This finding comes from members of the same panel that backed the Prime Minister’s deal by 60 per cent to 36 per cent less than a week ago.  Its a record high, by the way – see here.

Our take is that most Conservative MPs want her out of Downing Street as soon as possible..  That many of them want her out now.  And that none of them have a clear idea of how this might be achieved.

Some Tory MPs are proposing indicative letters of no confidence to be sent to Graham Brady.  (This fashion for indicative votes is catching on.)

But there is no agreement on how many would be required for him to ask her to quit, how any such process would be managed – and whether it is likely that she would resign if asked.

Nor is it easy to see how the Cabinet will force her out.  Its members well might be able to do so were they to present a united front.  But that’s extremely unlikely.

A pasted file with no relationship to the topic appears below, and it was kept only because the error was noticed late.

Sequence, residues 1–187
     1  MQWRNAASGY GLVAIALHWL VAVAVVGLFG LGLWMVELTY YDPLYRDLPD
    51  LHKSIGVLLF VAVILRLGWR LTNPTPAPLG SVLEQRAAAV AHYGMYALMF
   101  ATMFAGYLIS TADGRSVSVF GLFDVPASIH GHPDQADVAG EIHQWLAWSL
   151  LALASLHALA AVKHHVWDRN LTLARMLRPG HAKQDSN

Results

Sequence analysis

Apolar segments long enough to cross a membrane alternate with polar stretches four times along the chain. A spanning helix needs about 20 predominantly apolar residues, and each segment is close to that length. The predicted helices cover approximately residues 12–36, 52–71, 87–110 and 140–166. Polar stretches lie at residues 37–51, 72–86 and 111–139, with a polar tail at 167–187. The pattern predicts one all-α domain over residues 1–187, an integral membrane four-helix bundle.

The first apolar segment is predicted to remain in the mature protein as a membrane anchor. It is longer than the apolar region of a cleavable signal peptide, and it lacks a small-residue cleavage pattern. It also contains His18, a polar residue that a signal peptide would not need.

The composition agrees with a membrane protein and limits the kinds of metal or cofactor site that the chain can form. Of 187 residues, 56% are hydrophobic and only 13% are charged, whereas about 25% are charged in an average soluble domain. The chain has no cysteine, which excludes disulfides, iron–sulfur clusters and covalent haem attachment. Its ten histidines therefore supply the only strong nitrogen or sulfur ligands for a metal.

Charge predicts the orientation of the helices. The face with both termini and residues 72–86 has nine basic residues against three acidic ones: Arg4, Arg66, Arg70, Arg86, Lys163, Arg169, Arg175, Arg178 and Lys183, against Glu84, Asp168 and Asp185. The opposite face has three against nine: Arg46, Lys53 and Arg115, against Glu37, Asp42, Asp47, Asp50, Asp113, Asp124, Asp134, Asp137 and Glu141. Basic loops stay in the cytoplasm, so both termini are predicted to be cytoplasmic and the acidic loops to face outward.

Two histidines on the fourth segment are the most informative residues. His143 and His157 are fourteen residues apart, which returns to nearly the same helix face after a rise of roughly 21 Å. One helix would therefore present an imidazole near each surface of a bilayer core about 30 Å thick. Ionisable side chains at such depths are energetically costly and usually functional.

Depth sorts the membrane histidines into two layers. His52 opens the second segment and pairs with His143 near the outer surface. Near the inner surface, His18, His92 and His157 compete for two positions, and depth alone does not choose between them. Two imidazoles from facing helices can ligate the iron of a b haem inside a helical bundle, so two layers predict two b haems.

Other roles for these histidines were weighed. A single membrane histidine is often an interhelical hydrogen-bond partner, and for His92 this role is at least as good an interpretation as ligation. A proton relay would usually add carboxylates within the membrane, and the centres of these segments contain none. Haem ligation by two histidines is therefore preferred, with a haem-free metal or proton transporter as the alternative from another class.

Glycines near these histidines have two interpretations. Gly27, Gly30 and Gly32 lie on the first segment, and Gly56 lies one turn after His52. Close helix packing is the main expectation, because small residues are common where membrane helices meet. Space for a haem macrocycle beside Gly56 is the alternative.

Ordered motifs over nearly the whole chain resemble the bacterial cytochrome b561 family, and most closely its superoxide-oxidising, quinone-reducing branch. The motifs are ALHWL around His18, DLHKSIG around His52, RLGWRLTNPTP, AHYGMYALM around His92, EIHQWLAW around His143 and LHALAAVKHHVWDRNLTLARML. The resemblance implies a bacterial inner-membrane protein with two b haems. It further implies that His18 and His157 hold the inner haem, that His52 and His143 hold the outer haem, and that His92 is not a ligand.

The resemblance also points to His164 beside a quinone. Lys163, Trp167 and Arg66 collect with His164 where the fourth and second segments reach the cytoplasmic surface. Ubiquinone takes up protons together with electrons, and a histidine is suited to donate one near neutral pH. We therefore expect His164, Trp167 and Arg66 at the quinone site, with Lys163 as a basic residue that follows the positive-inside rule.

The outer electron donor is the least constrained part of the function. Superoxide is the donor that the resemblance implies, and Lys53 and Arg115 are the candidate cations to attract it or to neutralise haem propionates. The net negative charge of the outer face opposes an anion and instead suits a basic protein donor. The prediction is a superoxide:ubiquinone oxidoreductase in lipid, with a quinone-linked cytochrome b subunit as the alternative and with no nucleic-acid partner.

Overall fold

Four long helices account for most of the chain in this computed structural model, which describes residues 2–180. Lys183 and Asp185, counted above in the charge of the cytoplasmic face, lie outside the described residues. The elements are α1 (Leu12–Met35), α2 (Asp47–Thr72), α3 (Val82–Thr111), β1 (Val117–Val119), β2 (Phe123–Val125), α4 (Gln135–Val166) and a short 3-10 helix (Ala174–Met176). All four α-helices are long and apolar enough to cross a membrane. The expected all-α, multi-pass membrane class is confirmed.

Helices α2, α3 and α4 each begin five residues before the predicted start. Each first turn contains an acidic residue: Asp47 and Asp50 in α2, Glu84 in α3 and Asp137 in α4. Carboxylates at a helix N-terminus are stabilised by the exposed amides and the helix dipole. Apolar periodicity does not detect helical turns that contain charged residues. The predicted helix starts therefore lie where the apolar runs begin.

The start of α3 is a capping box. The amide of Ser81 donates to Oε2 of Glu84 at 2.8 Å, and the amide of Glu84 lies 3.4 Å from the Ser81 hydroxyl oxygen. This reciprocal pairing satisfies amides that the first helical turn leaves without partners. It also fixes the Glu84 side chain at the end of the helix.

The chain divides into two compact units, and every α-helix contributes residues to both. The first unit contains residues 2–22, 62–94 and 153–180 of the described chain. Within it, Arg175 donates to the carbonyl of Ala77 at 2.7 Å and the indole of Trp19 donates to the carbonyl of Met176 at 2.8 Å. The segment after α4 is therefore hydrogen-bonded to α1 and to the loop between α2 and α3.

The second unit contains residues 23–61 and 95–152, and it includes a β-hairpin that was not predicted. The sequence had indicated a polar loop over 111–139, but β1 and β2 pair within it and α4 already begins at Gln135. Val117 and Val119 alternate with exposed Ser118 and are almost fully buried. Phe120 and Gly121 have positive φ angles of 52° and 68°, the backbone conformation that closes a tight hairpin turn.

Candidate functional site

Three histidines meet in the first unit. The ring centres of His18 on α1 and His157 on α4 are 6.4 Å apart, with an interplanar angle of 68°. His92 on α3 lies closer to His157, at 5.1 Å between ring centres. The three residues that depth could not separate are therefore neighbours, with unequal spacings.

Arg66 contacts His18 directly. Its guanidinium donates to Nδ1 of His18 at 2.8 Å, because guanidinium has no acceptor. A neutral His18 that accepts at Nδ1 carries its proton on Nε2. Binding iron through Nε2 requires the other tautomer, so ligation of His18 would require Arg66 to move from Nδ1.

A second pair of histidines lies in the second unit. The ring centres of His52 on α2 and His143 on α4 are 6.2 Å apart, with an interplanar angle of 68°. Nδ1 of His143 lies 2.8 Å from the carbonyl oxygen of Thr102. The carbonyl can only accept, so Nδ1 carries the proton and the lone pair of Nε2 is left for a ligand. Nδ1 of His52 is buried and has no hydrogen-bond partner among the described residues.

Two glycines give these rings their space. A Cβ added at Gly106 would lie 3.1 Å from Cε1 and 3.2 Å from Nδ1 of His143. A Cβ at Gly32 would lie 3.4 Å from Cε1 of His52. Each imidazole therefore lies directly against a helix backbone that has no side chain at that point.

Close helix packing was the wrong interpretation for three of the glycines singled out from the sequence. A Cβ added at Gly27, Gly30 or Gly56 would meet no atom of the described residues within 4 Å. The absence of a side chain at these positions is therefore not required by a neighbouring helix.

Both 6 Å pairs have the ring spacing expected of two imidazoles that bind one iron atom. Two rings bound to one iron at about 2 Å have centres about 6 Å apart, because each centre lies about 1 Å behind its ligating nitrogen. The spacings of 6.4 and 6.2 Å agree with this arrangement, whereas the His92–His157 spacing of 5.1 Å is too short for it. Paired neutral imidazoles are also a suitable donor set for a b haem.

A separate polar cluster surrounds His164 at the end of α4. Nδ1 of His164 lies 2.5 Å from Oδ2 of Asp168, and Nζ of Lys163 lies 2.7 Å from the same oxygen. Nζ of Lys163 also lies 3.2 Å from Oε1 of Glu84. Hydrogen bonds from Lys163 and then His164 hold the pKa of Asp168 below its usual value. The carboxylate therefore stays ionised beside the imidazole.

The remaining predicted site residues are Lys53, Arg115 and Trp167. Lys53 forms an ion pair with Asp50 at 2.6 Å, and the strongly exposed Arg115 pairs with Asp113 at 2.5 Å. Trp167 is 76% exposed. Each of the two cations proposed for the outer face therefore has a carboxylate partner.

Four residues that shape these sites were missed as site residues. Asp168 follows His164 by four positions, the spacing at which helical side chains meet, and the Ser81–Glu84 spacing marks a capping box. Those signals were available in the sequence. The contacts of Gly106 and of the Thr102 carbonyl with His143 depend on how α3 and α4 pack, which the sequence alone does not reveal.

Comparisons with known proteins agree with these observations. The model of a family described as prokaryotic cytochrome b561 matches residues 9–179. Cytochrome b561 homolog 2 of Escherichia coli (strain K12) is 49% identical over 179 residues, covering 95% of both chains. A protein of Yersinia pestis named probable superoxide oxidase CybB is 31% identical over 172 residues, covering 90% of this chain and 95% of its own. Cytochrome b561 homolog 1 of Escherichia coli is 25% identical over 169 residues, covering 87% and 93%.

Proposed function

Some of them have their own leadership ambitions, and “he who wields the dagger never gains the crown” – or so it is said.  And in any event, the Cabinet is riven by policy divides over how to proceed with Brexit.

Were the EU to force No Deal on a reluctant Government and Parliament, May might be able to cling on for a while.  It would be hard to change Prime Minister and Party leader during such a major national event.

In the event of a further short extension – which the EU will be extremely reluctant to grant – she would probably be able to hang on, too, if only because it would leave no time for a full leadership election.

An irony of a long extension, which presumably would necessitate European Parliamenary elections here and a slump in the Conservative vote, is that it would offer that time for that election – and, therefore, would bring more pressure to bear on May to stand down.

If she goes as Party leader, would she also quit as Prime Minister?  There is no reason why she should immediately.  The smoothest course would be for her only to resign as the latter once a new Tory leader had been elected.